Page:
As the majority of you who are Blue Jays fans know by now, Dustin McGowan signed an extension with the Blue Jays earlier this week. There was a collective head-scratch from armchair analysts across the nation, and I’ll count myself among those who weren’t sure what the front office was thinking. It was covered fairly well here, so I won’t add anything extra to that.
One line of thought I pursued after hearing about the extension wasn’t what it meant for Dustin McGowan, but what it meant for rotation hopeful Brett Cecil. It doesn’t change a lot for him this year, but it’s certainly something he should take note of, given his status on the team currently. Though it feels like he’s been around the Blue Jays for some time, he’s still only 25 years old. Having a few years’ history with Toronto, the team still isn’t sure what to make of him. While this is natural for a young pitcher, it’s been hard for fans to see the peak of Brett Cecil. What is he capable of?
Cecil’s been with the Toronto Blue Jays for parts of three years now, with mixed results. His best year was 2010, where he finished with a 15-7 record and a 4.22 ERA in 28 starts. Expectations were higher in 2011, but Cecil struggled to a 4-11 record with a 4.73 ERA. The record was as much a function of luck as anything, though Cecil did allow a higher slugging percentage in 2011, which contributed to the rise in ERA. His best game was a complete game shutout against the Rangers in July 2011, where he allowed four hits and walked two, striking out seven. Very good? Absolutely. Has he shown he can be that dominant regularly? I wouldn’t go that far. Looking at his game log, these performances are few and far between. Some of this is a young pitcher developing, but we haven’t seen too high a ceiling. Cecil had been assured a rotation spot going into 2011, but after that year, it’s understandable that the Jays would want to see what he had.
Early reports out of spring training for the Blue Jays had Cecil as being in “the best shape of his life”. Though we can take that cliche with an appropriately sized grain of salt, it can only be a positive for the young pitcher coming off an up and down season last year with Toronto. The better shape he’s in, the better a chance he’d pitch well, and secure one of the rotation spots for the Blue Jays that are up in the air.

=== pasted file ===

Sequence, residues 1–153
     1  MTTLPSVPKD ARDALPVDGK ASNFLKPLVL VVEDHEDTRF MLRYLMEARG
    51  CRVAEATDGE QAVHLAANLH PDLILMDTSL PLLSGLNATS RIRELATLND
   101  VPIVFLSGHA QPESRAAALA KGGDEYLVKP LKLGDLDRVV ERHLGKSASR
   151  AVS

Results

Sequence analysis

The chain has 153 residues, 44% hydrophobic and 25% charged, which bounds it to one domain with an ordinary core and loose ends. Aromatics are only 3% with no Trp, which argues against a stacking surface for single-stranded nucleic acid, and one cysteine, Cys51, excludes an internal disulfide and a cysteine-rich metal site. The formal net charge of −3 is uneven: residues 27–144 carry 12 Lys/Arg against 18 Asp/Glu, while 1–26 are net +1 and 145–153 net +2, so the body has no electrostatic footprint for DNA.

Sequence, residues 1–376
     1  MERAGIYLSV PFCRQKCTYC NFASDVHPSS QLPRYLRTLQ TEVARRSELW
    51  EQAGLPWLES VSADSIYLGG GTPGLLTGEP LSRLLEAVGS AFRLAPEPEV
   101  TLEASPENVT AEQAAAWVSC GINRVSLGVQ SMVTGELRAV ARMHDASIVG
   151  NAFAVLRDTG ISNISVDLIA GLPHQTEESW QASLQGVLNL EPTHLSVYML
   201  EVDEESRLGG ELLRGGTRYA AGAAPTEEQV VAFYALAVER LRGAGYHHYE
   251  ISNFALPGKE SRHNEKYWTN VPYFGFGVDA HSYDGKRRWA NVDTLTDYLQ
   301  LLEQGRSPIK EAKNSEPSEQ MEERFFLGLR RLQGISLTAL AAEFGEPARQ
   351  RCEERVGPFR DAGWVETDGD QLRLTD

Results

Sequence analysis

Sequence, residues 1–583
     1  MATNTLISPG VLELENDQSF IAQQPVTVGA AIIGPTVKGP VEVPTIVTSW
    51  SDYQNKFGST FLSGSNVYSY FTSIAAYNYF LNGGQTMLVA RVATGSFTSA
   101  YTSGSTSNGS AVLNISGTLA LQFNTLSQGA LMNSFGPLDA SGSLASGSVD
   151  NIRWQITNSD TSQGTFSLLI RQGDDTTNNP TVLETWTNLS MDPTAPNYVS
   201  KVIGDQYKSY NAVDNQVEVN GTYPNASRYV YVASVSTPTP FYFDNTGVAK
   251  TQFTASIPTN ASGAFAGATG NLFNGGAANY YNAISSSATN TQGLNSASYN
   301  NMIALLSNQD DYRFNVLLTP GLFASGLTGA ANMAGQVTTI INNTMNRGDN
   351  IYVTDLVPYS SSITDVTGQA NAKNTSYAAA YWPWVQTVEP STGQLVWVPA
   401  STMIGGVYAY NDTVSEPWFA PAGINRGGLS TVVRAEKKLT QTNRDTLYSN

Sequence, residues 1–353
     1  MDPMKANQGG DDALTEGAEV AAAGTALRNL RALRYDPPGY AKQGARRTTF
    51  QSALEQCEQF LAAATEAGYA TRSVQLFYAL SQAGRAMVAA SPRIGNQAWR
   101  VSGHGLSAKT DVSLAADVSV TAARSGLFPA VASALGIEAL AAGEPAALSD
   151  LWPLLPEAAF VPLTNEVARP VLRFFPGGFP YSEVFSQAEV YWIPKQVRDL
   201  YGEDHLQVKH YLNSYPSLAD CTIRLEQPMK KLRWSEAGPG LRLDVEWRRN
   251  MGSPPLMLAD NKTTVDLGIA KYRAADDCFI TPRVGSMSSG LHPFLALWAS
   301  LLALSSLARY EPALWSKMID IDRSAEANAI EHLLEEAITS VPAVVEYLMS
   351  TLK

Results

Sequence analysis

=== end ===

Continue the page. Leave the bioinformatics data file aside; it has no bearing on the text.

Other reports were less positive: Cecil’s velocity was down, with his fastball somewhere in the 87-89 mph range, which would probably be fine if he were a senior in high school and pondering whether he should go to Maryland, but less ideal when facing major league hitters.
There are several schools of thought to consult here. One is that it’s less about velocity and more about changing speeds, and movement on pitches. This is a solid argument- there are several examples throughout major league history of pitchers who were effective with that approach. The Braves made a living off painting the corners throughout the 90s with pitchers like Tom Glavine and Greg Maddux. If someone has a fastball that’s 100 mph, and straight as an arrow, major league hitters WILL hit it.
That said, if you’re given the choice between two equally competent pitchers in terms of stuff/location/command, and one of them is 5 mph faster on average, major league teams will take the guy with the heat. Additionally, if you don’t have that velocity, you need to have better command.
With these in mind, can Cecil be successful with less velocity? Has he shown the control necessary to be more than a league-average pitcher? Thus far in his major league career, his control has been problematic at times, showing a BB rate of 3.1 per nine innings. He’s never been a strikeout pitcher, spotting a low K rate of 6.3/9 over his career. Though he’s had some success this spring (before getting tarred and feathered to the tune of 5 runs over 2 and 2/3 innings last Friday), we know that spring stats aren’t necessarily the best indicator of future performance.
Cecil has several arbitration years remaining (information on Cot’s Contracts was unclear as to his 2012 contract amount, he was pre-arbitration in 2011), whereas McGowan was eligible for free agency at the end of the year, so certainly the Blue Jays braintrust had more urgency to lock up McGowan, who was a pending free agent- if they believed he was a sure thing to produce well in a rotation spot. Do they think that of Cecil? It doesn’t seem like it- and given Cecil’s production so far, it’s hard to blame them.
There’s an irony in McGowan’s foot injury almost assuring Cecil of a spot in the opening day rotation (Hopefully the Jays aren’t moved to keep perpetual junkballer Aaron Laffey in the unfortunate Jo-Jo Reyes/Dana Eveland tradition). With Cecil’s reduced velocity, his inconsistent showing thus far, and a bevy of talented young pitchers knocking on the door, this was already something of a make-or-break year for the Jays’ young left hander. Adding the McGowan extension to the mix makes it even more interesting.